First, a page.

Bayer CEO Discusses Strategy for US Non-Hodgkin Lymphoma Lawsuits

In edition 252 of BC Disease News (here), we reported that San Francisco Superior Court Judge Suzanne Bolanos upheld the original trial verdict, which found that agrochemical producer, Monsanto, had been negligent in selling glyphosate-containing Roundup herbicide. Punitive damages were reduced, on appeal, to $78 million.

Claimant farmers, landscapers and consumers have attributed glyphosate exposure to non-Hodgkin lymphoma, which can be fatal.

In a post-verdict statement, Bayer AG, the pharmaceutical company which bought Monsanto in June of this year, announced that a further appeal was planned.

Bayer’s Chief Executive Officer (CEO), Werner Bauman, maintains that the business will continue to ‘resolutely’ defend claims that Monsanto products cause cancer, relying on litigation experience and ‘decades of scientific studies and real-world use’ which proves that glyphosate does not pose a hazard to human health.

He also played down Bayer’s ‘inexpensive’ $12 million settlement of 4,000 contraceptive device lawsuits, which was agreed in April 2018.[i]

However, last week, Mr Bauman announced that the company may consider settling glyphosate lawsuits, of which there are now 8,700, if rising court fees disincentivise the financial motivation for defending claims brought against Monsanto:[ii]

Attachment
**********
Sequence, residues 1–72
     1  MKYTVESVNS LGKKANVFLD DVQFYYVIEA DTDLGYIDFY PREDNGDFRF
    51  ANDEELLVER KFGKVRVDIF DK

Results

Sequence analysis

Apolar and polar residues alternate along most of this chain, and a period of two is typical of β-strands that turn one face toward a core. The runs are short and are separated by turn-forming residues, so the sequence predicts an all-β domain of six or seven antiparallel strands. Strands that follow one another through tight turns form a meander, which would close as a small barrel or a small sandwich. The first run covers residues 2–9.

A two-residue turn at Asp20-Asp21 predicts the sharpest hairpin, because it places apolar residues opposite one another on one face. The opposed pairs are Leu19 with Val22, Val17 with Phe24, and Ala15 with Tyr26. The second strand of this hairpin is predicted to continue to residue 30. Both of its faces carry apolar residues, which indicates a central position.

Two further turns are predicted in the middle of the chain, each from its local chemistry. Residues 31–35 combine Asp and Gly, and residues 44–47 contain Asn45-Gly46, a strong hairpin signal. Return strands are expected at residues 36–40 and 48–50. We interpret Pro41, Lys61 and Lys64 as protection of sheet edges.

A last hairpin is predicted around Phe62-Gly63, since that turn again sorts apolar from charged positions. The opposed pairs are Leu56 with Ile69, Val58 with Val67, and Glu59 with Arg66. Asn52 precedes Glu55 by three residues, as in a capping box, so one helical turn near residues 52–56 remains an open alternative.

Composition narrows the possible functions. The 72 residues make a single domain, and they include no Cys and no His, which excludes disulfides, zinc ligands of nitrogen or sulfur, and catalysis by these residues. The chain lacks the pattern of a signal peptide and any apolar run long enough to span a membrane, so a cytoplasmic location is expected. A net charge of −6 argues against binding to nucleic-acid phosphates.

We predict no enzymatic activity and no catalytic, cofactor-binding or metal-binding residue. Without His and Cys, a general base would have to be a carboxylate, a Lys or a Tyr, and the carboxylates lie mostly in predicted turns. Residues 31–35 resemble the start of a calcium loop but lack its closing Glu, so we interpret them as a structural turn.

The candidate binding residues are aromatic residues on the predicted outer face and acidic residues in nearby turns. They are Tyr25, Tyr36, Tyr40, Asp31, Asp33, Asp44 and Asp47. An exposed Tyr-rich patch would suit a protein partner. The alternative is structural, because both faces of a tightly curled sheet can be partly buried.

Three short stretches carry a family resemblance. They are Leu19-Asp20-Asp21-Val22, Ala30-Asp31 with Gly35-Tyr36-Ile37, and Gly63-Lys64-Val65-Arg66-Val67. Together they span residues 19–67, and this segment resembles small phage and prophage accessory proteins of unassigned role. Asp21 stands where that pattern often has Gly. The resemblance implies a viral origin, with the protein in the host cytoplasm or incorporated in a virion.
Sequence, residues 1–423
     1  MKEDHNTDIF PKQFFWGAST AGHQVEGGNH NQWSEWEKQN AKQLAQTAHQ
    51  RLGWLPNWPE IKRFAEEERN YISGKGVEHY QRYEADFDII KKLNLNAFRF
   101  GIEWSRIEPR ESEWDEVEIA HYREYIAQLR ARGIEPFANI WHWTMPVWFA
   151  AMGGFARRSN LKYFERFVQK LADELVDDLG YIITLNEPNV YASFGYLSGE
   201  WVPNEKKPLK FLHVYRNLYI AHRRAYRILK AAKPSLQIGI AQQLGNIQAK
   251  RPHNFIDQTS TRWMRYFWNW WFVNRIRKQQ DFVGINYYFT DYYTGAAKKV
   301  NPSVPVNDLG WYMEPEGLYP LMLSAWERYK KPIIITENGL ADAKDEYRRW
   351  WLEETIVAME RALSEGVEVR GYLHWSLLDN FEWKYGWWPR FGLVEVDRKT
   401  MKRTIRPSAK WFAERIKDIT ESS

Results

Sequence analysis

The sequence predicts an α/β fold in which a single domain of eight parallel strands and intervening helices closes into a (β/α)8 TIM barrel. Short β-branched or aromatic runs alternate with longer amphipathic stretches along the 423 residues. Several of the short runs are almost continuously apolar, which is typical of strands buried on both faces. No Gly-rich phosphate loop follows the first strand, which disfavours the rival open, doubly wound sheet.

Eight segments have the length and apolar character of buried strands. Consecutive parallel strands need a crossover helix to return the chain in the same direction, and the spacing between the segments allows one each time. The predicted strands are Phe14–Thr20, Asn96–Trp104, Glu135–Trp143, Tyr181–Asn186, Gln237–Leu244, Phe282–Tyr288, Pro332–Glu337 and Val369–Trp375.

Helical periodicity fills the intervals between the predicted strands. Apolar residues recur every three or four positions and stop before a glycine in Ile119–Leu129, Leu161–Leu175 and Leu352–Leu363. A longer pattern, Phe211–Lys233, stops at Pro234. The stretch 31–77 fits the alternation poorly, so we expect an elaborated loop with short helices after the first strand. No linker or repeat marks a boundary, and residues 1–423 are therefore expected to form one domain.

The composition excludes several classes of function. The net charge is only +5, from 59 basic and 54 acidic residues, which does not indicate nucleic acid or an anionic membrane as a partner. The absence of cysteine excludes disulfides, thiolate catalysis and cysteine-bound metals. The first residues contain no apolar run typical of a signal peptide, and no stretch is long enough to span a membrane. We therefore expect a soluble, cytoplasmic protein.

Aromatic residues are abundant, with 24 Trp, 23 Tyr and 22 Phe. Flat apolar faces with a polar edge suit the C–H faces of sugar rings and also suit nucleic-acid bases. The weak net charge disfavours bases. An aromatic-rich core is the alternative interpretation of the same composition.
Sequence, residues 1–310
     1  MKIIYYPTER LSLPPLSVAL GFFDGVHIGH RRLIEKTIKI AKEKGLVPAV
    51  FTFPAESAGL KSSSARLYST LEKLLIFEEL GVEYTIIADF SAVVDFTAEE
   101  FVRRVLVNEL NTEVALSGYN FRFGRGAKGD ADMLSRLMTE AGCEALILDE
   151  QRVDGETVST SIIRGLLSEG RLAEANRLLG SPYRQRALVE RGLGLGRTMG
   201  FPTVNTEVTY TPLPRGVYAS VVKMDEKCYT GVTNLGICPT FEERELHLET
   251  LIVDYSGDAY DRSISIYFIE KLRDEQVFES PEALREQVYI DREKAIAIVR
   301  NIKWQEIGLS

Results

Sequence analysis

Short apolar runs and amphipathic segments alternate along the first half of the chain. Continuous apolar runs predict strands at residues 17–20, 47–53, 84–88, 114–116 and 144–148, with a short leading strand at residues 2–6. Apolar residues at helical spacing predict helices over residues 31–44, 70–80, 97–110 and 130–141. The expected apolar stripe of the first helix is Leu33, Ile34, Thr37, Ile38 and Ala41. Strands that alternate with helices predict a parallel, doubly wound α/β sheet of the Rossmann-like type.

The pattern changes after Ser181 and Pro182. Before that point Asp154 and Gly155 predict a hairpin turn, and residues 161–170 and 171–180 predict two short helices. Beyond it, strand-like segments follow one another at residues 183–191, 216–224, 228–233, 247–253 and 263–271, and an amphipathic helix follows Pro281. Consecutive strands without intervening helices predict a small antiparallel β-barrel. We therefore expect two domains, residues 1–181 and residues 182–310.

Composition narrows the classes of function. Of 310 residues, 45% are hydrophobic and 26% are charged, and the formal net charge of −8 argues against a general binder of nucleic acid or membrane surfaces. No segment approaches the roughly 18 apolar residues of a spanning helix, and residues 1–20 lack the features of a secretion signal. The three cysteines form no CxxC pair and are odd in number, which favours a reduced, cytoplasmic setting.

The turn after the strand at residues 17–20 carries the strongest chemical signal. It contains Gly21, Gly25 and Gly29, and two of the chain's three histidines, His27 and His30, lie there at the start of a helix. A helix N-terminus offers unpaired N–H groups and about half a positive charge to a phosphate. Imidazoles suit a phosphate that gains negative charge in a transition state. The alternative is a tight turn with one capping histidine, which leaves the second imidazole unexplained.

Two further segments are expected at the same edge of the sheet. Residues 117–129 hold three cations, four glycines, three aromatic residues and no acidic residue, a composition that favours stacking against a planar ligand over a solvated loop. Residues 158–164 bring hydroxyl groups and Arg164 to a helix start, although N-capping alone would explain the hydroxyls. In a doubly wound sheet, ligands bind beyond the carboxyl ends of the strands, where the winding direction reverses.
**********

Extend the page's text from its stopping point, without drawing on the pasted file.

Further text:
‘If we can settle nuisances at some point where the defence costs in preparing cases are higher than potential settlement amounts, we will of course consider it from an economic standpoint’.

Since the original trial verdict was given, on 10 August 2018, Bayer’s share price has continued to fall in value.

Table: Bayer AG Share Price (Sourced from the Financial Times[iii]):


A new glyphosate trial is scheduled to begin on 25 February 2019, before District Judge Vince Chhabria, who is overseeing this case (and some 580 others). Bayer has requested that the jury pool for the February trial should be extended and that prospective jurors be questioned about their knowledge of Monsanto-related litigation.

Mr Baumann admitted that Bayer’s legal strategy has changed, especially on juror selection, attributing this to the fact that the ‘jury pool likely has grown more hostile’ in the wake of negative media coverage.


[i] Curtis Weyant, ‘Mirena Lawsuit’ (Consumer Safety) <> accessed 9 November 2018.

[ii] Tina Bellon, ‘Bayer Monsanto Open to Weedkiller Settlement But Denies Cancer Claims’ (2 November 2018 Insurance Journal) <> accessed 6 November 2018.

[iii] ‘Equities: Bayer AG’ (6 November 2018 Financial Times) <> accessed 6 November 2018.